Jonathan: That's a really interesting question and one that we talk about a lot. Not the presidential one, per se, but the whole idea of, do we have a voice, or are we an aggregator and reflector of many voices? That is a continuing question for us.


One of the ways we're working through that is with Netscape, where there is both a wisdom of the crowds layer and an editorial layer on top of that seems to me to be a pretty good product and is getting better and better all the time. That's one way of looking at it and there's definitely an editorial judgment exercise there as there is on what goes on our main screens.


So, we don't yet go as far as saying that we have a voice and we have an editorial position. We're not at the point where we would think that we're in the business of endorsing a candidate versus another candidate. But we're trying to think this through as the media matures. Our central position is that we're an aggregator of many voices today. That's the stage where we are, as we try to work this through.
John: Over here?
Man 3: Just curious what the growth of broadband video on demand, what AOL's plans are for the future with video and also the coaches.AOL, where that's going to come in?
Jonathan: Again I lost the end of that.
John: You asked about video and?
Man 3: Where is AOL taking video on demand and there's a new coaches.AOL?
Jonathan: Oh coaches, sure. I've said for a while that I think that it's only going to be a short period of time before on demand viewing becomes the principle form of viewing video at least in the United States and maybe well beyond. Last year I would have said that would be in a number of years, five, seven years out. I keep pulling in the time frame in my own thinking. I think on demand video over IP will become absolutely the biggest form of viewing in a short period of time measured in single digit years. I think there's a huge change in personal video consumption. Again, that's a personal belief.


I think it's underway already. So we want to be participant in that, at all levels from offering great consumer services, aggregating again many different sources of both copyrighted and user generated content. We're working at multiple levels with deals with studios, with deals with BrightCove, which is a company we've been in from the beginning, with their own uncut video, which anyone can upload. So we want to cover that waterfront and very much engage in the monetization of video viewing.


Currently we do very well. We do a lot with pre rolls. I have a personal view that pre-rolls will not be the way of the future. It's a little too intrusive. It's not the best user experience, in my view. I think the industry as a whole needs to find a better answer than that and I look forward to hopefully being one of the companies that figures that out. I'm hugely bullish on all of that.
John: All right, now Mark, I've got to cut you off because we're totally over time.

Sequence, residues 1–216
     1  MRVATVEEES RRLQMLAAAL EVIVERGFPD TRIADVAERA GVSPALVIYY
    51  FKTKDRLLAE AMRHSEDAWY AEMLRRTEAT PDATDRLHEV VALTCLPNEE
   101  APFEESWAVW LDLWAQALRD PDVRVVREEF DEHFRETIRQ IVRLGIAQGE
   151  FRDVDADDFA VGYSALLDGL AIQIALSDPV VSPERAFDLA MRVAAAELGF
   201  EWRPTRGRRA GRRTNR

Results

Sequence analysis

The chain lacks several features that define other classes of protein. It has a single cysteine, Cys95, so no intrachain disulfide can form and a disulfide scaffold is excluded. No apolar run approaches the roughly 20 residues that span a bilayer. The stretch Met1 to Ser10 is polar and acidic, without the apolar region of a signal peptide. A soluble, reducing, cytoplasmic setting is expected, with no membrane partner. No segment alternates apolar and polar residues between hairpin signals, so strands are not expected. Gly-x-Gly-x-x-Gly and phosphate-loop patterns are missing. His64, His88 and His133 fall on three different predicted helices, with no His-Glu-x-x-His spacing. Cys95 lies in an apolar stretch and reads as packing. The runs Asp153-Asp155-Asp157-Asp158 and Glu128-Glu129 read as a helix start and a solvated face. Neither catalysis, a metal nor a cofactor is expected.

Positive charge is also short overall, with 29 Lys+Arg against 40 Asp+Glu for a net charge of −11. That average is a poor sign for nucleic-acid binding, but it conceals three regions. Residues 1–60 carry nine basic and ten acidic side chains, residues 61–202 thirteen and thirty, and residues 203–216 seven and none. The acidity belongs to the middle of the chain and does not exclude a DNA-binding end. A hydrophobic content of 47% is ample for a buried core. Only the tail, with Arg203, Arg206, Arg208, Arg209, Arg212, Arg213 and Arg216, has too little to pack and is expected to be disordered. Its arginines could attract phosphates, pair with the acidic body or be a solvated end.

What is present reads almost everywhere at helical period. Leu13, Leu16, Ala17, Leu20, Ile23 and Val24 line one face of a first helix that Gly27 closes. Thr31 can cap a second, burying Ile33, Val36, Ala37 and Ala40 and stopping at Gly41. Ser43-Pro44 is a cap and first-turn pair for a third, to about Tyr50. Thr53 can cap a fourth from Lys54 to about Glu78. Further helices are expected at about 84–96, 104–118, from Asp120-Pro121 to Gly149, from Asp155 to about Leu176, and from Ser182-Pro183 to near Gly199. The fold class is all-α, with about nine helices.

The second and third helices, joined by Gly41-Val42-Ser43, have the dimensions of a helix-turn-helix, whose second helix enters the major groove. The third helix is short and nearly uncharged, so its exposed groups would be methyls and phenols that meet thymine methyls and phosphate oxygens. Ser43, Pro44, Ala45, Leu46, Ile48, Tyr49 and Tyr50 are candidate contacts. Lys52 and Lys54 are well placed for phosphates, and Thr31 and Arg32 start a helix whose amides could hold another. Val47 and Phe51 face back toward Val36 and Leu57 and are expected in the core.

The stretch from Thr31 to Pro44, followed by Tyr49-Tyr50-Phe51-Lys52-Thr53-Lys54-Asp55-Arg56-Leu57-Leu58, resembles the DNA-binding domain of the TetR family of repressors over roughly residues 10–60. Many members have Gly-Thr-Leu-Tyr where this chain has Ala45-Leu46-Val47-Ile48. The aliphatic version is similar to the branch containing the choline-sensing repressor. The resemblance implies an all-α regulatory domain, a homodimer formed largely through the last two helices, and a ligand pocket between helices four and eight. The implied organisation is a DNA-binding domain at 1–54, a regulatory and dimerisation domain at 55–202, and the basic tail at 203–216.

Mark: Fine!
John: Let me ask the question for you. Are you going to embrace open data so that people can take their data out of AOL and put it anywhere else?


[laughter and clapping]
Mark: I already know he's going to say yes! I had a different question.
John: Oh, I'm sorry, I will ask him that question and then we really have to go.
Mark: Fine.
John: You two don't need me do you; you can do this between yourselves.
Mark: What about all the other properties like X-Drive and Movie Phone and all this incredible stuff you have from the 1.0 day? Now that you're a 2.0 company should you connect them all together into a new kind of match-up that would provide compelling experiences to the people who really love your brand, which are down the pyramid from more normal people who aren't nerdy enough to know who flicker is, but who would benefit from gluing together all these cool things you've got?
John: OK.
Jonathan: Very interesting question, I'll tell you how I think about it. I think that eventually yes, which means that one of the things people like about our company is that we put things together for you; we do the work so you don't have to. Again, a lot of people like that; some people want to do it themselves. But a lot of people like that and that is a hallmark of this company.


At the same time, it is important to just make great consumer experiences. What we have done in the past, in my view, is err too much on the side of integration of things, and not enough on making just an absolutely great killer experience in whatever area that was. So, my mindset today is, make it great. Make it just great at what it's doing, you know, standardized technology and things like that so that we can weave that web and tie it together as we move forward. But the emphasis today is on making stuff great.
John: All right, well, first of all I want to thank you for Lou Reed tonight. Thank you very much for coming.
Jonathan: Thank you John.

Daniel H. Steinberg is the editor for the new series of Mac Developer titles for the Pragmatic Programmers. He writes feature articles for Apple's ADC web site and is a regular contributor to Mac Devcenter. He has presented at Apple's Worldwide Developer Conference, MacWorld, MacHack and other Mac developer conferences.


Copyright © 2009 O'Reilly Media, Inc.